[mile] Ben Campbell's No Objection on draft-ietf-mile-xmpp-grid-10: (with COMMENT)

Ben Campbell via Datatracker <noreply@ietf.org> Mon, 25 March 2019 13:40 UTC

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Subject: [mile] Ben Campbell's No Objection on draft-ietf-mile-xmpp-grid-10: (with COMMENT)
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Ben Campbell has entered the following ballot position for
draft-ietf-mile-xmpp-grid-10: No Objection

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COMMENT:
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Thanks for addressing my DISCUSS points in email. I am clearing now under the
assumption the right things will happen in the draft text.

My original non-blocking comments are listed below for reference. I leave it to
the authors and AD to decide if any further actions are needed.

*** Substantive Comments ***

Figure 1: I fail to understand the meaning intended by extending "data plane"
to the right under the peer-to-peer data flow.

§3: It would be nice to somehow include authentication and authorization in
Figure 1.

§4: Figure 2 shows the consumer delaying the topic list request until after the
provider has created the topic. I realize that's just for illustrative
purposes, but I wonder what would have happened if the consumer requested the
topic list sooner? Would it ever learn about the new topic?  Do you have
thoughts about how often new topics will be created in the field?

§5: "a Platform would send an XMPP "disco#info" request to each Topic:"
Have people thought about how this might work if there are a _lot_ of topics?

§8.1.3: Is the controller trusted to see data and to be able to modify that
data? Or more to the point: It _can_ do those things. Is it trusted to not
improperly use, store, or share data, and to not improperly modify data? (See
further comments below)

§8.3.2:
- Can you elaborate on the concept of honey tokens?

- The requirement that the grid controllers SHOULD keep auditable logs of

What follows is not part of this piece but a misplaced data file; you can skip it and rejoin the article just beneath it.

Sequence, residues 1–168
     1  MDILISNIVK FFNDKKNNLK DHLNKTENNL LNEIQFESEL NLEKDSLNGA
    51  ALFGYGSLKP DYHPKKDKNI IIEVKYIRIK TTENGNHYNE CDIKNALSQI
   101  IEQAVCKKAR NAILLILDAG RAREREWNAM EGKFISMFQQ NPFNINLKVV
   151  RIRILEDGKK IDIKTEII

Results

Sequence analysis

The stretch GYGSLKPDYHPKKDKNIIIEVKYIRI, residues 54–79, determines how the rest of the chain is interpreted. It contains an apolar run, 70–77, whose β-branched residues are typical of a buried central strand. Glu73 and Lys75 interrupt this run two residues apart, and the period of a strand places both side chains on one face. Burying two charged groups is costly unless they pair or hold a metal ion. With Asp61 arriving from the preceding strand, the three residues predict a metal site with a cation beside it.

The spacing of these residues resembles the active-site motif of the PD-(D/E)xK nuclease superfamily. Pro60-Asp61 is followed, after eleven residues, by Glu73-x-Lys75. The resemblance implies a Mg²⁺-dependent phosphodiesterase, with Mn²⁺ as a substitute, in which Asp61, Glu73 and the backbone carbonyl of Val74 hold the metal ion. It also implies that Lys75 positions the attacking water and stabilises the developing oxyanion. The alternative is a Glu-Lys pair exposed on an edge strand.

platform behavior has privacy implications that need to be discussed in the
privacy considerations. In particular, could there be some guidance around not
logging more information than is needed for the purpose?

§8.3.3: "permanent read-only audit logs of security-relevant
information (especially administrative actions) should be maintained."
Really permanent, as in forever?  (also, should that "should" be a "SHOULD"?)

§8.3.5: I wonder if this guidance creates a new DoS opportunity. Could a
malicious provider insert so much data into a topic to make it impossible to
receive data from that topic due to these size limits?  (That brings up a
question: Can multiple providers insert data to the same topic?)

§8.3.6: Can you cite something or otherwise elaborate on certificate pinning?

*** Editorial Comments:

§2: In most of the definitions, you treat the XMPP-specific terminology inside
the definition of the abstract term. Was there a reason to treat "Node"
differently?

§3: "be a Provider or
Consumer of interested Topics at the Broker"
I'm not sure topics are capable of being interested. Perhaps "topics of
interest"?

§4:
- list item "e":  What does "in real time" mean in the context of a provider
submitting data to the grid?

- "XMPP-Grid implementations MUST adhere to the mandatory-to-implement
and mandatory-to-negotiate features as defined in [RFC6120]."
It's not generally necessary to say that an implementation MUST implement the
mandatory bits of a spec. That's up to that spec to do itself.

- "The Service Discovery per [XEP-0030] SHOULD be implemented"
There appears to be a missing word after "Discovery". Or perhaps the use of
"The" is incorrect. (i.e. "The Service Discovery Mechanism" vs "Service
Discovery")

§8.1.4: It's a bit confusing to find CA security considerations before any
mention that there are CAs involved.

§8.2.2: "... if the XMPP-Grid Platform assumes that old XMPP-Grid Platform data
deserves to be ignored." "deserves" has connotations that I don't think apply
here. I suspect you probably mean "... should be ignored", but were trying to
avoid the non-normative use of "should". Such use is fine given the draft uses
the RFC 8174 boilerplate for normative keywords.

§8.3.X: There are a number of statements that systems need to be "well
managed", "hardened against attack", and "reduce their attack surface".  Some
of them use normative language. These seem like glittering generalities, unless
specific practices can be recommended or cited.

§8.3.1:  "(with the SCRAM-SHA-256-PLUS variant being preferred over the
SCRAM-SHA-256 variant and SHA-256 variants [RFC7677] being preferred over SHA-1
varients [RFC5802]" Should that be stated normatively?

§8.3.3: "Administrators SHOULD NOT use password-based
authentication but should..."
Should the second "should" be a "SHOULD"?